The symmetry was almost too perfect.
I was watching a moving ER episode Thursday night featuring African American actors, adults and children, telling a powerful story of suffering and humanity in Darfur. The show is produced by Warner Bros.
As I frequently do, I switched over to Turner Classic Movies during the commercials.
There I found African American actors, adults and children, telling another kind of story in the 1940s (I think) Warner Bros. picture: Green Pastures, the condescending tale of the Old Testament featuring an all-black cast handing out ten-cent cigars in heaven and negotiating how much liquor they can take aboard the ark.
TCM is running a series of films illustrating the depictions of African Americans in film, and some of them are hard to watch.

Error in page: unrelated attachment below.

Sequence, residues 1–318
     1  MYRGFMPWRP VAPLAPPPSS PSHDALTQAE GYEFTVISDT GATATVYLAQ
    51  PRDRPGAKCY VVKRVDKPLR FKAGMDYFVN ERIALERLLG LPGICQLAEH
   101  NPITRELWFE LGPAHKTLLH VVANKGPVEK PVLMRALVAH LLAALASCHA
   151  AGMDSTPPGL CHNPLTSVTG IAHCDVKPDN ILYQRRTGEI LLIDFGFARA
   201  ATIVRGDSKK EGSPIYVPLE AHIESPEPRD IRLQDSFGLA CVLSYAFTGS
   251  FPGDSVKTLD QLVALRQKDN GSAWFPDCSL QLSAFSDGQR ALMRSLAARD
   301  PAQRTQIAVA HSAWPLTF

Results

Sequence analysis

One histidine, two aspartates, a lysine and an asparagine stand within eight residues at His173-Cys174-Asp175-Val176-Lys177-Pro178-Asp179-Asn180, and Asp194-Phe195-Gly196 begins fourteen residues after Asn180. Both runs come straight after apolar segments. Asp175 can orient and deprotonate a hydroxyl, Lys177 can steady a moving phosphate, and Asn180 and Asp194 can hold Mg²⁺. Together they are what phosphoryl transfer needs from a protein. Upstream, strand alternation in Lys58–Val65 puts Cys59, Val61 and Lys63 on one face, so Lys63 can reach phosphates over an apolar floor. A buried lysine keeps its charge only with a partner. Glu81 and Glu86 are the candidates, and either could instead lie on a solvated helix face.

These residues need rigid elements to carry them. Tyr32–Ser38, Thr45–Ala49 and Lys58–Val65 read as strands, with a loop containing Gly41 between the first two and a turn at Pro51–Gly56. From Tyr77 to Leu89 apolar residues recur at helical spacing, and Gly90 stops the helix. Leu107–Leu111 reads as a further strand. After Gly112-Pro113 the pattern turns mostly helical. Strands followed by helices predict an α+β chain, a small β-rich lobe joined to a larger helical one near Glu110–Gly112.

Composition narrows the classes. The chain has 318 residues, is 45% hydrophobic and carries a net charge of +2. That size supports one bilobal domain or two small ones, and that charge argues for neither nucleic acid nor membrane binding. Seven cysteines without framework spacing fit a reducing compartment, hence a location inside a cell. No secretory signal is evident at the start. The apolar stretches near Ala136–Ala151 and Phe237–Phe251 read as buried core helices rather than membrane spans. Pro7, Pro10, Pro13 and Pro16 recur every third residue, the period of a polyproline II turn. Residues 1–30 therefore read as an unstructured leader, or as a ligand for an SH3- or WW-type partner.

I was reminded of how far the media has from those days of unrelenting characature. There still aren't enough colors on TV, but we've come a long way, baby.
I was ready to dismiss Green Pastures for its cloying paternalism, but found myself drawn to it in spite of myself. Even imprisoned in that broad stereotype, the actors, particularly Rex Ingram as God (De Lawd, actually), brought a sweetness and dignity to the film that lifted it above its subject matter. Plus, the music was wonderful.
There was one scene when Moses realizes he can go no further and must let Joshua lead the Hebrews to the promised land. As his people pass him by, each puts a hand on his shoulder. The camera closes in on each hand as the blind Moses reaches for them, little ones and big, rough and smooth, until he reaches and there are no more hands left. Wonderful.
But the star of the night was ER, which has done the medium proud with a sweeps episode arc about the suffering in Darfur. The Peacock is doing itself proud.
By John Eggerton